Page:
High-performance computing is facing some of its toughest challenges yet, but supercomputing is also yielding better results than ever before. When it comes to climate science, for example, researchers are reporting higher resolutions and truer simulations. According to one Berkeley Lab researcher, climate science is on the verge of a golden age. As described in
“If you burn one molecule of fossil fuel and put that carbon dioxide into the atmosphere, it will remain there for around 100 years on average,” explained NCAR Senior Scientist, Dr. Warren Washington. “Some remain closer to 500 years. The reason for concern is that if we don’t do something now and we’ve already built
One of the world’s most powerful supercomputers devoted to climate change – the 1.5 petaflop Yellowstone system – is fulfilling its mission to help find solutions to serious climate change issues. Recently a team of researchers from National Center for Atmospheric Research (NCAR) and several partner institutions used Yellowstone, an IBM iDataPlex cluster, to simulate the threat of ozone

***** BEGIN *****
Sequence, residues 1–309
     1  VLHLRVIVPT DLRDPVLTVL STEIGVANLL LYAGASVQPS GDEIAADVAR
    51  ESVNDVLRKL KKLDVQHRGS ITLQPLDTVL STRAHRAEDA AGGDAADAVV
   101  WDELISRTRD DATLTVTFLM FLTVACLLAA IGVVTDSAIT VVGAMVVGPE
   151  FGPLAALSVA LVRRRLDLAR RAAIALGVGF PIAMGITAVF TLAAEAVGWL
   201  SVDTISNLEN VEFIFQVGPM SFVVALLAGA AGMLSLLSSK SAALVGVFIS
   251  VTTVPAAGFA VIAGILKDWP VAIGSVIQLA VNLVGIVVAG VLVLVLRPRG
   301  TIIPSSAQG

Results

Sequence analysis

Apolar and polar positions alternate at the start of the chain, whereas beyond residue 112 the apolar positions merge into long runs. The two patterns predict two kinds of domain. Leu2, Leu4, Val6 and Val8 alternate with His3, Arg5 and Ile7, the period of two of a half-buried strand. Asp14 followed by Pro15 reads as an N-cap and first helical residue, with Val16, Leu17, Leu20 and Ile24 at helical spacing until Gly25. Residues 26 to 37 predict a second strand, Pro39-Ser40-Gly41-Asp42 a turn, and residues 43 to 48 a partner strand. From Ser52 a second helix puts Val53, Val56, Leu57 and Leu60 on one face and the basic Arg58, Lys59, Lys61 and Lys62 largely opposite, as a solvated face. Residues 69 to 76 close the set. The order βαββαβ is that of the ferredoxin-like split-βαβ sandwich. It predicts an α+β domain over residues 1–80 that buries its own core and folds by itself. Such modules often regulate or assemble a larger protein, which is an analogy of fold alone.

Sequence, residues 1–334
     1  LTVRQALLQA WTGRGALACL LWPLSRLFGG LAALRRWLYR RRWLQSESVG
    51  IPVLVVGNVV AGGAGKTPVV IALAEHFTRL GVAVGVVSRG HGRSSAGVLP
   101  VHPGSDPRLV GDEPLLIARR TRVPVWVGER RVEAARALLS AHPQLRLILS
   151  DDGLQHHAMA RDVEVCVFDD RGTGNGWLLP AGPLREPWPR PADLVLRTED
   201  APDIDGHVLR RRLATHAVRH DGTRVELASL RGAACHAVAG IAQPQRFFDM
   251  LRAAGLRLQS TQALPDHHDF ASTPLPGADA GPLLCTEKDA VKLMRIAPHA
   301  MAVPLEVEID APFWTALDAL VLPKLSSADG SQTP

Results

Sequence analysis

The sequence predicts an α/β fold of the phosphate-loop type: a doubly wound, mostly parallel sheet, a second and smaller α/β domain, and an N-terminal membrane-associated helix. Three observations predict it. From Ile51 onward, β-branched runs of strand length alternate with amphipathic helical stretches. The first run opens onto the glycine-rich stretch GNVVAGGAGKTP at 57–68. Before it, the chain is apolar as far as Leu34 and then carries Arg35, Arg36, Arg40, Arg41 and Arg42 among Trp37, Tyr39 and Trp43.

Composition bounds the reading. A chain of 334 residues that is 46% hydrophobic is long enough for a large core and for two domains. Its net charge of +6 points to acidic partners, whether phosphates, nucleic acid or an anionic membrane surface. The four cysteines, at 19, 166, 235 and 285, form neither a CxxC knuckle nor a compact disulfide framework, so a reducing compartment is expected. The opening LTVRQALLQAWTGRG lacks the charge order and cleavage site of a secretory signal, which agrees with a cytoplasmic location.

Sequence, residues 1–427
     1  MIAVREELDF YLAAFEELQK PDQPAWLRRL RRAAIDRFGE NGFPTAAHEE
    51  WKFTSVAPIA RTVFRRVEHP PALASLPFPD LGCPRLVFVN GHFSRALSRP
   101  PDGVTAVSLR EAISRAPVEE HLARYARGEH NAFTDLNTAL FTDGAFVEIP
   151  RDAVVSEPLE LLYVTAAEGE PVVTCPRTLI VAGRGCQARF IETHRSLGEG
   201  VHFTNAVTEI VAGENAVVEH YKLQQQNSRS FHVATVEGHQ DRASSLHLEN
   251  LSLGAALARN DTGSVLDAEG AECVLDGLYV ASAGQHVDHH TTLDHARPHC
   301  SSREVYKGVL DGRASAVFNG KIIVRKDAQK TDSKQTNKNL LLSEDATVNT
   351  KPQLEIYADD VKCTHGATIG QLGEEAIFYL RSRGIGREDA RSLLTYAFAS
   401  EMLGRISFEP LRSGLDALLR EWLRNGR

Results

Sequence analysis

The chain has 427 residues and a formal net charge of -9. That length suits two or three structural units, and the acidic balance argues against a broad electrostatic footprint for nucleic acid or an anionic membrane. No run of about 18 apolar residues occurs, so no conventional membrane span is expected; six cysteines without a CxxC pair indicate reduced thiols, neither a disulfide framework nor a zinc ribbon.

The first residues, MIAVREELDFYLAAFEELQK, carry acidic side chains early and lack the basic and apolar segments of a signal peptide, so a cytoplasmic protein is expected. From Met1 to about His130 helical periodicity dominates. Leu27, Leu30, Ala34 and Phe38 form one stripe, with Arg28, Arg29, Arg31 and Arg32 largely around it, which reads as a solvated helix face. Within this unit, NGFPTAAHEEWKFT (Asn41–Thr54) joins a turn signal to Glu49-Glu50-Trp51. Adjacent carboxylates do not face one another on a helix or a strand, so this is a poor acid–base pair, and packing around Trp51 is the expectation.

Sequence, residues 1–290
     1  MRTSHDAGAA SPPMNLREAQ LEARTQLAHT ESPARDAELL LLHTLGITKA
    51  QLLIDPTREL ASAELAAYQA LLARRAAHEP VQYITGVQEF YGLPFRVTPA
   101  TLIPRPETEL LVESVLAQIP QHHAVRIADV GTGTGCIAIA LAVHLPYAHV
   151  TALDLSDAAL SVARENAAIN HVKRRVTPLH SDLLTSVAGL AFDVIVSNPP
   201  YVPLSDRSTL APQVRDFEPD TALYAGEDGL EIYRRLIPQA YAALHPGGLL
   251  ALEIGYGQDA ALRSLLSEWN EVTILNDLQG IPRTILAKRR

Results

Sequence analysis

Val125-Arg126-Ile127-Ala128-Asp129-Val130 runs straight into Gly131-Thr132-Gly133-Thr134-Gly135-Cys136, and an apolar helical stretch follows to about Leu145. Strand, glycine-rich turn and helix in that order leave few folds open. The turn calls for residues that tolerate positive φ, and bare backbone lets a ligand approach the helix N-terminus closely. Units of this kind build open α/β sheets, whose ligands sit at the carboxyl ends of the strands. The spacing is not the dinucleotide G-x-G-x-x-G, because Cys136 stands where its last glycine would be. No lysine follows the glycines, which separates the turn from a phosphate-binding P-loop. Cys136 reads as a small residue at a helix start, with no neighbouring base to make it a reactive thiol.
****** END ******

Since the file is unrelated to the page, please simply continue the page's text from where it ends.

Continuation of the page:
In advance of a presentation last week at the International Supercomputing Conference in Leipzig, Germany we spoke with Samplify, which offered up insights on how lossy compression isn’t the scary prospect that it may seem to be for application areas that require high-fideltiy and long-term storage of datasets. Climate studies and…
<a href=”http://www.hpcwire.com/hpcwire/2012-07-25/nasa_builds_supercomputing_lab_for_earth_scientists.html” target=”_blank”><img style=”float: left;” src=”http://media2.hpcwire.com/hpcwire/NEX_logo.jpg” alt=”” width=”96″ height=”96″ /></a>This week, NASA announced it would soon be launching a new HPC and data facility that will give Earth scientists access to four decades of satellite imagery and other datasets. Known as the NASA Earth Exchange (NEX), the facility is being promoted as a “virtual laboratory” for researchers interested in applying supercomputing resources to studying areas like climate change, soil and vegetation patterns, and other environmental topics.
NASA Center for Climate Simulation doubles computational power with new Dell PowerEdge servers; Amazon introduces HPC-level computing on demand; and Carnegie Mellon announces $7 million initiative aimed at boosting computer science enrollment. We recap those stories and more in our weekly wrapup.
Exascale computing. What is it good for? Certainly not to solve problems that need solving today.